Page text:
Thursday, May 16, 2013

How Does Organizational Culture Change – With Case Study and Clear Illustration

A company’s culture is an amalgam of shared history, explicit values and beliefs, and common attitudes and behaviors. In this article, we will know how an organization culture changes and more things about “culture,” “organization,” and “change” plus a case study on Enghouse Systems Ltd. to demonstrate how the company CEO turned the culture to another direction for the better.



3 Levels of Organizational Cultures

Organizational cultures exist on three levels.

First, on the surface level, are the reflections of an organization’s culture that can be seen, heard, or observed, such as symbolic artifacts (e.g., dress codes and office layouts, and workers’ and managers’ behaviors).  Change programs can involve creating a culture (in new companies or those built through multiple acquisitions), combining cultures (in mergers or acquisitions of large companies), or reinforcing cultures. Understanding that all companies have a cultural center is often an effective way to jump-start culture change.

Next, just below the surface, are the values and beliefs expressed by people in the company. You can’t see these, but by listening carefully to what people say and how decisions are made or explained, those values and beliefs become clear. 

Once the culture is understood, it should be addressed as thoroughly as any other area in a change program. Leaders should be explicit about the culture and underlying behaviors that will best support the new way of doing business, and find opportunities to model and reward those behaviors. This requires developing a baseline, defining an explicit end-state or desired culture, and devising detailed plans to make the transition.

Finally, unconsciously held assumptions and beliefs are buried deep below the surface. These are the unwritten views and rules that are so strongly held and so widely shared that they are rarely discussed or even thought about unless someone attempts to change them or unknowingly violates them. These beliefs are difficult to change, so most managers focus on the parts of the organizational culture they can control such as observable surface-level items: workers’ behaviors and symbolic artifacts, and expressed values and beliefs, which can be influenced through employee selection.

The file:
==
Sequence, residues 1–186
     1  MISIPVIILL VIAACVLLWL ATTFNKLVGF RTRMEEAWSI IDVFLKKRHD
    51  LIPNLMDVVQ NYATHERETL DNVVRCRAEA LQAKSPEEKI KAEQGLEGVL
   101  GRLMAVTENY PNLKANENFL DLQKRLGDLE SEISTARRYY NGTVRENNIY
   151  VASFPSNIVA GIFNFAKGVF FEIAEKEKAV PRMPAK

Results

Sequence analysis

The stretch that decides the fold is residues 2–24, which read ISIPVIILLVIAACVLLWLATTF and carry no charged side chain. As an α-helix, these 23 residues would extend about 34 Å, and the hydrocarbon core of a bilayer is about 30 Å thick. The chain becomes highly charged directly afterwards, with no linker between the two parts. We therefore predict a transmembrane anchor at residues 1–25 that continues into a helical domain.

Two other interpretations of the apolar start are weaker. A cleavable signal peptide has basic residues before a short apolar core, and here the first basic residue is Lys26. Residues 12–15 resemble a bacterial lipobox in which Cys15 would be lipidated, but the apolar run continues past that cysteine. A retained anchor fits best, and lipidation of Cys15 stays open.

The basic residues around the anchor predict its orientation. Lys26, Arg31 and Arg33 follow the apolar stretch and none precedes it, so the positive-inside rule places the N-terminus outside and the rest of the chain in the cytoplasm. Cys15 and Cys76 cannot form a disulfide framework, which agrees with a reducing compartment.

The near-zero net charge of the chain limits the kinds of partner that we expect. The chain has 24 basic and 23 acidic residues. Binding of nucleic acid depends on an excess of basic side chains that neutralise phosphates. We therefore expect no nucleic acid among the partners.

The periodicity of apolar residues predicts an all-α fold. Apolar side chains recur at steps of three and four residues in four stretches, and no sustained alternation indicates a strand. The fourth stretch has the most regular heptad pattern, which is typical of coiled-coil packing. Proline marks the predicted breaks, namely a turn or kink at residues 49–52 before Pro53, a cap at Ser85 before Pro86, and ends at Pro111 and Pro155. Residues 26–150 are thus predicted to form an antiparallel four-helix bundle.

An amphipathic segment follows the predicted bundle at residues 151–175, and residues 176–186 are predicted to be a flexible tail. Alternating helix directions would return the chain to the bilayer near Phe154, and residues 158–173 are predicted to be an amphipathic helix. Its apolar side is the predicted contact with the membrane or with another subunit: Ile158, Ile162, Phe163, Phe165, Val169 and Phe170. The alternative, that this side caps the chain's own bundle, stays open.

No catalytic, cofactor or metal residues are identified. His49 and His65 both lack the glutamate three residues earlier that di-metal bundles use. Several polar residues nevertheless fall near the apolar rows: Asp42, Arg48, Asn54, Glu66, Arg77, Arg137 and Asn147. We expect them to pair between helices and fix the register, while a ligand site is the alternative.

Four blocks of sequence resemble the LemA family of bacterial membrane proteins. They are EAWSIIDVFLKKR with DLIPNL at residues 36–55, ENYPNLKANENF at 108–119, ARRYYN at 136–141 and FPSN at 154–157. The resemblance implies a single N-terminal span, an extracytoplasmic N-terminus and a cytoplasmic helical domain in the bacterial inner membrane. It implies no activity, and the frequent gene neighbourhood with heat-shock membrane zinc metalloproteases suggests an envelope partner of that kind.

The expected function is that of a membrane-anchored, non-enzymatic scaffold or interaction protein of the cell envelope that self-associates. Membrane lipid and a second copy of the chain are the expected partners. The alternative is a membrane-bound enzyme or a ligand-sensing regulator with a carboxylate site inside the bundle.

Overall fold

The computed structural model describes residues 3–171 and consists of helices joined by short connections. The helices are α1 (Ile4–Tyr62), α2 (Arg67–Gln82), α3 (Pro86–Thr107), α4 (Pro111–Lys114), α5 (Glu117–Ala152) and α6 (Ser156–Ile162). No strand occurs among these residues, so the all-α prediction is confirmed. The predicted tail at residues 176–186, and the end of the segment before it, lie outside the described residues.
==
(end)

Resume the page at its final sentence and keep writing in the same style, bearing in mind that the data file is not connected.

How to Change the Culture of an Organization: Case Study of Enghouse Systems Ltd.

To change the culture, improvised and new elements must fit together as a mutually reinforcing system and changing minds will need to be put in play. This should start from the top management then cascade to every member of the organization with the use of leadership and change management tools, such as role definitions, measurement and control systems.

For example, Claudette MacKay-Lassonde, Chairman, President and CEO of Enghouse Systems Ltd. (a small software and services company located in Markham, Ontario), wanted to transform the corporate culture as she observed that employees lacked productivity and they have been showing disinterest in their work.

The company thus experienced loss of profits. In spite of having a good product line and services in developing software for businesses, Enghouse Systems Ltd. suffered a $3.2 million loss and was threatened to hit bankruptcy in 1994. The CEO reinforced the company’s vision and mission, tightened financial controls, changed the office design and layout, changed dress codes, and added benefits and perks for employees. Three years later, Enghouse turn to a profit.

Specifically, she initially conducted surveys and interviews on staff members and found that their ability to propose and implement change in the company was low. The interviews suggested that marginal regard for input had caused the staff to become discouraged and had reduced motivation for process improvements.

Although Enghouse before the change in culture espoused teamwork as a core value, feedback from the management indicated a low level of trust among managers resulting to lack of collaboration among the leaders. The company was viewed as focused on the past and present while lacking a strategic plan for the future.

With this, she imparted the road map of the company to responsive stakeholders to have a strategic direction, continuously drive enablers of teams and drew of full capabilities of the talented staff, introduced radical transparency, communicated horizontally in conversations and stories.

She fueled executives in the organization to express not only verbal support but also lead the change by changing their own behaviors. In addition, members of the organization were taught what is expected of them, and they learned how to actually practice the new behaviors when they were defined.

Training has been very useful in both setting expectations and imparting new behaviors. Shifting a culture that has to some extent moved away from the values established by its founder is always a challenge. It requires time but it can be done if there’s commitment, right planning and proper execution.